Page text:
News

AI Fairness Requires Fighting Bias with Bias

Posted by Peter Rudin on 15. October 2021 in News No Comments

Bias is a tricky term in general, and psychiatrists have developed long treatises trying to explain what it is and how it works.

Most biases tend to creep into AI unintentionally, both in the coding of the algorithm and the selection of training data. This means organizations must actively counter this bias by fostering diversity, training employees to spot biases and in general constantly monitor the output of AI processes to ensure that the results are fair.

Without the ability to account for the bias that exists all around us, it will never provide equal service to all. And even then, we must avoid the temptation to think that we will achieve a state of perfect fairness from AI.

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A Single Neuron is a Computer a New Study Finds

Posted by Peter Rudin on 1. October 2021 in News No Comments

Comparing brains to computers is a long and dearly held analogy in both neuroscience and computer science.

Deep learning, a powerful form of artificial intelligence, for example, is loosely modelled on the brain’s vast, layered networks of neurons.

In the study, the team found it took a five- to eight-layer neural network, or nearly 1,000 artificial neurons, to mimic the behavior of a single biological neuron from the brain’s cortex.

So far, following the brain’s blueprint has been a rewarding strategy. And if this work is any indication, future neural networks may well dwarf today’s networks in size and complexity.

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Mapping the Brain Circuitry of Spirituality

Posted by Peter Rudin on 17. September 2021 in News No Comments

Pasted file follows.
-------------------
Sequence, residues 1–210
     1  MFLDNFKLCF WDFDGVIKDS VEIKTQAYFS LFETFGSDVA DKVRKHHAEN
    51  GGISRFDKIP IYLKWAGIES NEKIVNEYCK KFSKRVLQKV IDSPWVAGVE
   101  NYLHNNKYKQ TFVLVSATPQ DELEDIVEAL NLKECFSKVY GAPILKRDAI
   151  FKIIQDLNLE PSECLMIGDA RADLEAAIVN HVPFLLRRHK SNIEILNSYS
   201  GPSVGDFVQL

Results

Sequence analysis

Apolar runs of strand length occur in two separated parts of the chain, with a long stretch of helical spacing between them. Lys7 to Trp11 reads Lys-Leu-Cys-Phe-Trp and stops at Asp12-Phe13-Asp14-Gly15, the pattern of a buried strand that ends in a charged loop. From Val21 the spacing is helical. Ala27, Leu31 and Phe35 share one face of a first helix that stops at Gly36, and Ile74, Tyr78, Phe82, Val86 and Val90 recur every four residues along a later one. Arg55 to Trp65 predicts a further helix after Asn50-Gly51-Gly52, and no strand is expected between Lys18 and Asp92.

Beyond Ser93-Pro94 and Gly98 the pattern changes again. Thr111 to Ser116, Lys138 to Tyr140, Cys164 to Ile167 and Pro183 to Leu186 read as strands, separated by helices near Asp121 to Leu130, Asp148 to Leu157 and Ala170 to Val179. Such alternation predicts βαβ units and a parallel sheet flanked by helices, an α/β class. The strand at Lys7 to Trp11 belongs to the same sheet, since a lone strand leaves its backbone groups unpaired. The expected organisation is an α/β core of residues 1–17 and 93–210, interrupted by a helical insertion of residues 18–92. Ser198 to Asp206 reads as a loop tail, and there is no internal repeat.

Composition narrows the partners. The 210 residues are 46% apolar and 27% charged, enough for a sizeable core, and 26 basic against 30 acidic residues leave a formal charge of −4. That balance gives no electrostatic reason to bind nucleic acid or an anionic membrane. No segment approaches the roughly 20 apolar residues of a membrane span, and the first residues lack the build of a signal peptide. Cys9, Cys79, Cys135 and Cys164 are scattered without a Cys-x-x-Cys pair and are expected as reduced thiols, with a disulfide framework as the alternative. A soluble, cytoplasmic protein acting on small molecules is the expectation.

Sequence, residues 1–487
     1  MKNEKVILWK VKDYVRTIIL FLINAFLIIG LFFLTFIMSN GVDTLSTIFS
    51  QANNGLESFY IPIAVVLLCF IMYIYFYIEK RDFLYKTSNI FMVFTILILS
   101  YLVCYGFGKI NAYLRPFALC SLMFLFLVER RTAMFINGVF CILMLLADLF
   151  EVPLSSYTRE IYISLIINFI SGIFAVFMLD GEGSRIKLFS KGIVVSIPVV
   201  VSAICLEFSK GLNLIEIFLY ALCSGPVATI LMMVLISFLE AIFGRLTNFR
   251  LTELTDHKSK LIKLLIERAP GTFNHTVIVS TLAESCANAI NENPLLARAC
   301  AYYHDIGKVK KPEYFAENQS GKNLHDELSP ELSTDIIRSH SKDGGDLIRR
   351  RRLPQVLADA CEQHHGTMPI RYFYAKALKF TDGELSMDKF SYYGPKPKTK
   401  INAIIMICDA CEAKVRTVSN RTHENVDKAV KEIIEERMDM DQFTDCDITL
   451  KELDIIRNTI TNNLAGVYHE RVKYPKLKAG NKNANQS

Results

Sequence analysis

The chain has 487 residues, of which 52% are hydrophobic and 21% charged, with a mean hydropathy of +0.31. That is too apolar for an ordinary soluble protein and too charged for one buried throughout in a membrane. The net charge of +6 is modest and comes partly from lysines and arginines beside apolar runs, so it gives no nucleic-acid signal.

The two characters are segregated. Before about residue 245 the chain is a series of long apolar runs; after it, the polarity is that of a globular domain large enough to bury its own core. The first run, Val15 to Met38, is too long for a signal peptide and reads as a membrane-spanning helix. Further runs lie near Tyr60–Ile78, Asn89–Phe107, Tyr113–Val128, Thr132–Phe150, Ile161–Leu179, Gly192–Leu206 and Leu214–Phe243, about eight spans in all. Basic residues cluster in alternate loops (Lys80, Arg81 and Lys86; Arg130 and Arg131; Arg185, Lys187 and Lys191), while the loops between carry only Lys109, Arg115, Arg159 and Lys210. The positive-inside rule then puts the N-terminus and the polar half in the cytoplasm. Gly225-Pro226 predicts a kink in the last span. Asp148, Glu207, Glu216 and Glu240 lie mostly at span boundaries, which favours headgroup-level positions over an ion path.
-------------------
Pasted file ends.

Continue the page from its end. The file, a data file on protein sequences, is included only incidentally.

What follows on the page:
Over eighty percent of the global population consider themselves religious, with even more identifying as spiritual, but the neural substrates of spirituality and religiosity remain unresolved.

Scientists have long suspected that religiosity and spirituality could be mapped to specific brain circuits.

Now, a new study using novel technology and the human connectome, a map of neural connections, has identified a brain circuit that seems to mediate this aspect of our personality.

These findings suggest that spirituality and religiosity map to a common brain circuit previously implicated in fear conditioning, pain modulation and altruistic behavior.

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Can AI Predict Behavior from Brain Activity?

Posted by Peter Rudin on 3. September 2021 in News No Comments

A new neuroscience study backed with funding from the European Research Council, published in eLife,  demonstrates how an AI deep learning algorithm is able to predict behavior by decoding brain activity.

In efforts to decipher the neural code, the researchers created an AI-based convolutional neural network (CNN,  to predict behaviors from neural activity.

In the last step, the team tested the AI-algorithm with electrocorticography recordings taken from brains of humans while moving their fingers.

The researchers demonstrated successfully that measuring neural activity can decode and predict finger movement and spatial behaviors with AI.

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Consciousness Research: ‘Dopamine’ Plays a Key Role

Posted by Peter Rudin on 20. August 2021 in News No Comments

Consciousness is arguably one of the most important scientific topics there is. Without consciousness, there would after all be no science. But while we all know what it is like to be conscious – meaning that we have personal awareness and respond to the world around us – it has turned out to be near impossible to explain exactly how it arises from the hardware of the brain. This is dubbed the “hard” problem of consciousness.

The brain is more than just a congregation of different areas. Brain cells also rely on a number of chemicals to communicate with other cells, enabling a number of brain functions. Dopamine is a chemical primarily released to the cortex region of the brain. New research gives hope for treatments of consciousness disorders, using drugs that act on dopamine.